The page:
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For Joe Mauer, being from Minnesota means this isn’t goodbye

For Joe Mauer, being from Minnesota means this isn’t goodbye


MINNEAPOLIS (AP) — Yes, the narrative of Joe Mauer’s career was missing a championship chapter. That plotline stalled for a few years while the star was set back by injuries.

Still, this story of the Minnesota native with the smooth left-handed swing who played for the Twins the entire time sure was made for a movie.

Six weeks after Mauer symbolically donned his catcher’s gear for one last crouch behind the plate in the final inning of the season , Mauer formalized his goodbye to the game at a tear-filled-yet-cheerful news conference to wrap up a 15-year major league career at age 35.

“I’ve been fortunate enough to have the personal accolades, and I really do believe that’s a byproduct of how the team does, and those things just come along with it,” Mauer said. “But I’d want to be known as a great teammate, a great person, and a guy who gave it everything he had.”

Even the closing credits were memorable.

Mauer carefully flipped through a stack of note cards over a 15-minute thank-you on Monday to the people he’s closest to with a stack of tissues in front of him on the podium. He needed them immediately, when the mention of his parents, Jake and Teresa, caused his eyes to water and his voice to waver.

“You helped keep me grounded and never let me forget my roots,” said Mauer, who began honing his skills at the sandlots and rec centers of St. Paul, less than 10 miles from the big league ballparks in Minneapolis he first began playing in at age 20 to open the 2004 seasons.

That’s the same city where Hall of Fame members Jack Morris, Paul Molitor and Dave Winfield were raised. Mauer’s final tally of 2,123 hits might ultimately leave him short of the call to Cooperstown, but he was clearly on that track over the first 10 years of his career considering he hit .323 with an .873 on-base-plus-slugging percentage until a concussion in 2013 forced him to move out from behind the plate and become a first baseman. Mauer is the only American League catcher to win a batting title, a feat he accomplished three times: 2006, 2008 and 2009.

The six-time All-Star finished with a .306 lifetime average

“The naysayers will talk about maybe not enough career numbers, a little decline at the end … but there’s going to be a lot of numbers that put him right in the mix with some of the Hall of Famers,” Molitor said. “So I’m obviously a little bit biased. I’d love to see it happen.”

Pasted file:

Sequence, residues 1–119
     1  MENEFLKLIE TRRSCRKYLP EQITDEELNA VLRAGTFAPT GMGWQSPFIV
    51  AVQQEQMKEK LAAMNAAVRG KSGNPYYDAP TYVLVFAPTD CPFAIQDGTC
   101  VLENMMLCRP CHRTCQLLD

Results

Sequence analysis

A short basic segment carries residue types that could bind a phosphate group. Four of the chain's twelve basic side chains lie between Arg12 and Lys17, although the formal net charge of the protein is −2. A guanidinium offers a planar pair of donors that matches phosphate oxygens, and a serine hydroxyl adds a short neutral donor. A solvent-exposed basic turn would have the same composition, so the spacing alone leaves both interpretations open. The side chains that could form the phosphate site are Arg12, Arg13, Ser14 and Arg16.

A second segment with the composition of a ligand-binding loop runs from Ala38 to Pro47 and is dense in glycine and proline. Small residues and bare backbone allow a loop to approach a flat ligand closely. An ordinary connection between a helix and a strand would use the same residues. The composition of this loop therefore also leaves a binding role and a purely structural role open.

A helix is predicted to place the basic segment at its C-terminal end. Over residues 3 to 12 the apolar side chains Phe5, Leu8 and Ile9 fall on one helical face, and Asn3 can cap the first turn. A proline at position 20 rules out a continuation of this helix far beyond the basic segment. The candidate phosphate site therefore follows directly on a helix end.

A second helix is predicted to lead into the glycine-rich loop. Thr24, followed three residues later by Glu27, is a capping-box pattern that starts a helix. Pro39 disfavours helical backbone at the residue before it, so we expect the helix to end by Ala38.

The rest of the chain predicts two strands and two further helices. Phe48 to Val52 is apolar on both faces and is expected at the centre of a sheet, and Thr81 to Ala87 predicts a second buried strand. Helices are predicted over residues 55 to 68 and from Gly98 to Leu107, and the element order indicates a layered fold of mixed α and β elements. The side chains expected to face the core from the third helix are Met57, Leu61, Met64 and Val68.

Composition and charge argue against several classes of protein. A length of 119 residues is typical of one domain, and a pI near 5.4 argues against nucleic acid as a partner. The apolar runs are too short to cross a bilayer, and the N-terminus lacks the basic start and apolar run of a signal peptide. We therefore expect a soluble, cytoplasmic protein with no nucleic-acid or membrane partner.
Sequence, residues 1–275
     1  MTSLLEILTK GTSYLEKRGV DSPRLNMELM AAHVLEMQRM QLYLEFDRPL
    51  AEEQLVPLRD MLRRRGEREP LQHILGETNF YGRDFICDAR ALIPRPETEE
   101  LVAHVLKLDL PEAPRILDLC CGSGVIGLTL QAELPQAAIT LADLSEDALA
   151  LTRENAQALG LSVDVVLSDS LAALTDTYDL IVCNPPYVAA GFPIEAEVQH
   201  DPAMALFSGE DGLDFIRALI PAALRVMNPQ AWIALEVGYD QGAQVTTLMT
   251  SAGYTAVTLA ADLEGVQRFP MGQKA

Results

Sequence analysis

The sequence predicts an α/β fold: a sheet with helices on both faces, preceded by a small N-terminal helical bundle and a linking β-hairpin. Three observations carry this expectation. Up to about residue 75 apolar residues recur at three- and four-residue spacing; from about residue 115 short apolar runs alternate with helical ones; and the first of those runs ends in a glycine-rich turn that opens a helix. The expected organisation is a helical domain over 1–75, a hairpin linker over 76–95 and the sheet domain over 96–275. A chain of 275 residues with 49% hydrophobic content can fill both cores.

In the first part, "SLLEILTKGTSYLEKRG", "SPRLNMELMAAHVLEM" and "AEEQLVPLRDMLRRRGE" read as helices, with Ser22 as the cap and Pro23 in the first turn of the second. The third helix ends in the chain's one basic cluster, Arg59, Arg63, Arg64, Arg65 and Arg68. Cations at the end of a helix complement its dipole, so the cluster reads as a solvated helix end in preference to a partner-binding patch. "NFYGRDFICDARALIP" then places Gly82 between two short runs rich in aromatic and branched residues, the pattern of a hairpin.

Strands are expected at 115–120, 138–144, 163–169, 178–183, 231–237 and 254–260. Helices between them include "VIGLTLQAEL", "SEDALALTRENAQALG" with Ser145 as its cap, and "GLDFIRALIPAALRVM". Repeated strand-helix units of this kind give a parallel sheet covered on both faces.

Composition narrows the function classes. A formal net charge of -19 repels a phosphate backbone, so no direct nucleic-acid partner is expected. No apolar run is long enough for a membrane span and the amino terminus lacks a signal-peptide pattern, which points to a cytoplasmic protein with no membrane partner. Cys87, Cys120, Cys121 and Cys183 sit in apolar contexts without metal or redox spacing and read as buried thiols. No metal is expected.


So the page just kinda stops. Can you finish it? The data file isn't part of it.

The latest concussion in May that kept him out for a month, Mauer said, caused him to seriously consider retiring for the first time. The expiration of his eight-year, $184 million contract in October created a natural parting, but the long-term effect of head injuries and his dedication to family weighed much heavier than an MLB-best .407 batting average this year with runners in scoring position.

The respect for Mauer was evident with the appearance of former Twins managers Molitor, Ron Gardenhire and Tom Kelly and ex-general managers Terry Ryan and Bill Smith. Molitor was fired last month and replaced by Rocco Baldelli, who also showed up.

So did Mauer’s former teammates Glen Perkins, Justin Morneau and Corey Koskie. His coach at Cretin-Derham Hall High School, Jim O’Neill, who taught him to never swing at the first pitch, was there. His maternal grandparents, who attended all but about a dozen of his home games with the Twins, a staggering total of approximately 1,200, attended as well.

With his wife, Maddie, due any day with the couple’s third child, Mauer’s focus for now will be on husband and father rather than fielding and hitting. He said he’ll stay connected to his hometown team in some capacity and will, in case there were any question, raise his kids in Minnesota.

Ryan sat in the front row of the packed room in the basement of Target Field as Mauer expressed his gratitude for the decision to draft him in 2001 with the first overall pick instead of Mark Prior or Mark Teixeira.

“There were a lot of great options out there, but I’m so thankful you had the confidence in me, and it means more to me than you’ll ever know,” Mauer said.

Making so much money and missing so many games soured the cynical portions of the fan base on Mauer, but even if he had stayed healthy like Cal Ripken Jr. and hit home runs like Harmon Killebrew he would have carried immense pressure playing in his home territory.

“I knew what it was like for me, and it was times 100 for him,” said Perkins, another Minnesota native who spent his whole career with the Twins.

In the end, Mauer’s maturity and poise stuck with his admirers as much as his keen eye and textbook swing.

Morneau, who was Mauer’s closest friend on the Twins during the 10 seasons they played together, recalled hitting a home run during an afternoon game in 2006 while playing with a bit of a hangover from an outing at a St. Paul bar the night before. Mauer wasn’t so impressed.

“I said, ‘How can you argue with that?’” Morneau said, smiling. “And he said, ‘How do you know if you weren’t hung over you wouldn’t have hit two homers?’ And I said, ‘You know what? He’s got a point.’”

Morneau went on to the AL MVP award that year. Mauer won it three seasons later.

“He was as special a hitter as you could watch,” Morneau said, “and I had the best seat in the house for a long time.”


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